Traditionally, both “hawthorn” and “hawthorn” were used to refer to this medicinal shrub, prized for its berries – the hawthorn surrounded by thorns.

A favorite healing herb in the wise woman’s herbal pharmacy, hawthorn shows how the lines between food and medicine are blurring.

Hawthorne Berry Tincture

When you take advantage of hawthorn berries, your food becomes your medicine and your medicine becomes your food.

There are many forms to play with, from water-based teas and decoctions to alcohol-based tinctures and vinegar-based oxymel. Not only from berries, but also from flowers and leaves of hawthorn.

Interested in learning more? Come, let us explore these beautiful hawthorn trees along the path of the wise woman. . .

To bring you the lowdown on this powerful herb, I turned to my favorite wise herbalist sister who specializes in hawthorn.

Branch Of Hawthorn Berries With Green Leaves. Watercolor Hand Drawn Illustration, Isolated On White Background Stock Photo

Gardener EagleSong was my first herb teacher over 30 years ago. I was a college student yearning for more than I could find in the halls of academia.

I did botany and wild plants on my own. Having EagleSong take my hand and share the herbs she knows and loves was a revelation. . .

EagleSong’s passion for hawthorn is second to none – she travels the world to research the botany and folklore of traditional hawthorn uses, and brews an amazing variety of hawthorn concoctions in her kitchen apothecary.

I invite you to immerse yourself in the botanical and culinary highlights of hawthorn with Eagle Song, the “Hawthorn Whisperer” herself. From the words of EagleSong. . .

Glass Jar Of Hawthorn Tincture And Fresh Hawthorn Berries In The Bowl, With Green Leaves. Watercolor Hand Drawn Illustration Isolated On White Backgr Stock Photo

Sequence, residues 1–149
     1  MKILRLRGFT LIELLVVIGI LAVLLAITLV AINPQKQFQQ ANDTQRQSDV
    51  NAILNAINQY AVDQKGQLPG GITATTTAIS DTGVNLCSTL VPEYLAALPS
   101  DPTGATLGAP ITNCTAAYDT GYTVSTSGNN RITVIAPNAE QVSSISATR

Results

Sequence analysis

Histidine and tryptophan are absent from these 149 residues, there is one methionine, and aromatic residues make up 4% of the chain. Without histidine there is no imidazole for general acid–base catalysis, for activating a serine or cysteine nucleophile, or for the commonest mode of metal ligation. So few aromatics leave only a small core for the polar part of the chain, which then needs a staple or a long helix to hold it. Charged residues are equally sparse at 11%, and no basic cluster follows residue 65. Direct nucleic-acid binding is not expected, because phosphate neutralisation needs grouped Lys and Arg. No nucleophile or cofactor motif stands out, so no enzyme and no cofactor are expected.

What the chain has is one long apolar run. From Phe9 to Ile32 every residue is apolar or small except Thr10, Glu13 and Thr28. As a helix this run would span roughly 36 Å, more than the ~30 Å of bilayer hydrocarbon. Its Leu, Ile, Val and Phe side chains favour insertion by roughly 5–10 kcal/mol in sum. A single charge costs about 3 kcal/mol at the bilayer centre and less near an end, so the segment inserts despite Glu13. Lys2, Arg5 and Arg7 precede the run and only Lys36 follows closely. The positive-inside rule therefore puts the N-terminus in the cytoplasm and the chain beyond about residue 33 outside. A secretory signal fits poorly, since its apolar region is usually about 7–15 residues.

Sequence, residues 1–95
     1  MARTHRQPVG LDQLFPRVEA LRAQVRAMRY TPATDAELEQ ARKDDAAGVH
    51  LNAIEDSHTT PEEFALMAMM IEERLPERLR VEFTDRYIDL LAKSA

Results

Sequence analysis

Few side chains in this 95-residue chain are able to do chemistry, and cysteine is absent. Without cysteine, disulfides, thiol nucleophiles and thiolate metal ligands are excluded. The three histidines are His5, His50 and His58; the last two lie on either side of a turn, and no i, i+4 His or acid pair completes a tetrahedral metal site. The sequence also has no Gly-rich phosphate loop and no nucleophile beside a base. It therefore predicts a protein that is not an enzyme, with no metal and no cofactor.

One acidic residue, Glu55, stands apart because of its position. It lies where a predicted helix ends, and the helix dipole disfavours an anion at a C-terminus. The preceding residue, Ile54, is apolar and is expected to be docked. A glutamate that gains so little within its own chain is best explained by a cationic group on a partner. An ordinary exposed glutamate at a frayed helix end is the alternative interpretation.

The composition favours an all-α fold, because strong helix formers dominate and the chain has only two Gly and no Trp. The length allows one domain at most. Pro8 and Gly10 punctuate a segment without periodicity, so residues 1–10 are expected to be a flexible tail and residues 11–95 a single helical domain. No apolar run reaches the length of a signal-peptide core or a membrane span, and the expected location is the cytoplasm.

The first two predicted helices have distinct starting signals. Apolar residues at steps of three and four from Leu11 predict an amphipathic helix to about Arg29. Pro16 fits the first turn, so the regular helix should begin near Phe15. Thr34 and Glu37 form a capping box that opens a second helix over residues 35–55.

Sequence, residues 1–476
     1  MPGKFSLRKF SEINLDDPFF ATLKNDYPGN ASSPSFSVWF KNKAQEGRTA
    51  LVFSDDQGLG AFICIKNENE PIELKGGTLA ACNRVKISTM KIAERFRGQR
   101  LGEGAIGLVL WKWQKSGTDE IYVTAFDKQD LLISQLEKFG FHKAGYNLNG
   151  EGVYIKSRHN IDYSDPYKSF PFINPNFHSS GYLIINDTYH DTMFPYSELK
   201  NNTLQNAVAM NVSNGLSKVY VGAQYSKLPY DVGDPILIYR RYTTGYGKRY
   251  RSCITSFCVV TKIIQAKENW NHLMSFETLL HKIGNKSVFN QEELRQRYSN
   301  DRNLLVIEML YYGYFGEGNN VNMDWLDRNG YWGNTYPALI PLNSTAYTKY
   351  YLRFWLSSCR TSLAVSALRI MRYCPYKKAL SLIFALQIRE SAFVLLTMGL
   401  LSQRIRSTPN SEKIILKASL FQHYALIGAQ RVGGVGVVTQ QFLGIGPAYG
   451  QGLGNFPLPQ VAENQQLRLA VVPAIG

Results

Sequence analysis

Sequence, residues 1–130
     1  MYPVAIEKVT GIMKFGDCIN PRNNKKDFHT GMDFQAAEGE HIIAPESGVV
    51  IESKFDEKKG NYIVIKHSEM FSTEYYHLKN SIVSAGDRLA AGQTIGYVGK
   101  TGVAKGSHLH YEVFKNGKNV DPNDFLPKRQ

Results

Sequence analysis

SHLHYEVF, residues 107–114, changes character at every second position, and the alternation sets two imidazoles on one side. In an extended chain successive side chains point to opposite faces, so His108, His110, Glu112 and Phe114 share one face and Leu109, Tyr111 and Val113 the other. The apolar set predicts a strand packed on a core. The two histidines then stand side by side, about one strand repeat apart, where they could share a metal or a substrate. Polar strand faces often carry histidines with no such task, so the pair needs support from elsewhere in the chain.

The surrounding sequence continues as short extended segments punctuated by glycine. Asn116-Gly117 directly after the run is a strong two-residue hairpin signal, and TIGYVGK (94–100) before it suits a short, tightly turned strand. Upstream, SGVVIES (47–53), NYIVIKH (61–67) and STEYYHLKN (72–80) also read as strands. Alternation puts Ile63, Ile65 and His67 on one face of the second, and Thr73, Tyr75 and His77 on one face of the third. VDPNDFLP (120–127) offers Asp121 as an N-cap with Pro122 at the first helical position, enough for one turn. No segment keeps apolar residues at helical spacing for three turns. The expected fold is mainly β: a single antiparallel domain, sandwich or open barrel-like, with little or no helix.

Where do you find hawthorn (aka hawthorn)? Hawthorn, Crataegus spp., is the epitome of a common plant distributed on planet Earth in temperate northern latitudes. A member of the Rosaceae family, this small to medium-sized tree takes its place in harsh environments with grace and even charm. There are thousands of species of Crataegus found all over the world! Growing 10-50 feet with small drupes, hairs and often sharp spiny branches, Crataegus is used as a specimen tree in gardens, as a foundation tree in rural hedgerows, in orchards in China and Mexico – and as a nodulation free agent in neglected landscapes that provide shelter and food for countless insects, birds, amphibians, small mammals and, occasionally, humans! The name hawthorn is an old English word meaning belly. Before that, the term “witch” meant a hedge. So the gnarled old uncle of the hedge! Blackthorn, Crataegus oxycantha and C. monogyna predominate as shrub trees used in European hedges – along with their prickly counterpart – the thorn, plum, Prunus spinosa! An exceptionally vigorous and adaptable tree, Crataegus occasionally resorts to apomixis, a form of asexual reproduction that does not require cross-fertilization to create entirely new species. Two other herbs that are often used with this ability are Taraxacum and Alchemyla, our friends and allies, Dandelion and Lady’s Mantle. Anyway, it just tickles my fancy! Familiarity with hawthorn as a medicinal food. Generally recognized as a food with special properties wherever it grows, hawthorn preparations include hawthorn candies, juices, wine, herbal preparations – and are used fresh and dried in soups, teas, punches, jams, butter, chutney and sweets. Like many plant allies, hawthorn is not universally recognized as beneficial. At least one county in Washington state has listed hawthorn as an invasive species. Ironically, this is the county where I harvest most of the bark used in my practice. Heart health is a major concern in our communities and around the world. By misunderstanding herbal allied medicine from the ground up, the opportunity for healing and connection can be missed. Hawthorn, considered by many herbs in many traditions to be a “heart food” and heart remedy in excellent balance, is one of the herbs that personally brings me great joy to care for. Wanting this tree to enter my life more deeply, I set myself the task of finding as many ways as possible to introduce hawthorn into our daily diet. I invite you to do the same. As you get to know each other, be sure to immerse your feelings around this gnarled little tree, its leaves and flowers, its fruit, and if you’re lucky enough to be physically close to a hawthorn tree, its nature through the seasons. Can you taste sweet and sour in the mud? A shade of bitter? What do the leaves and flowers taste like? How do they feel in your mouth? What does a blooming tree smell like? Who visits these flowers with you? How do you feel when you lie on the ground under its spreading branches and watch the clouds float by? Please use these recipes and remedies as a starting point for fueling health and wholeness in your life with hawthorn. As we savor hawthorn medicine in its many expressions, perhaps we can find a deeper understanding of the complexity of a single plant… Over the past few decades, a proliferation of wonderful, delicious herbal collections has flooded into the folk tradition of folk medicine. stunning! Well done! Hawthorn Flowers & Leaves + English Tea While visiting England last May, I stayed with Heather, the gardener’s sister, whose garden nurtured and fed me for 3 weeks. Upon arrival, the hawthorn in the front garden was blooming. I asked if I could cut off some limbs to dry for tea. Heather was very kind and the hawthorn flower and leaf tea was born in a common English tradition… Ingredients 1 English tea bag (any black tea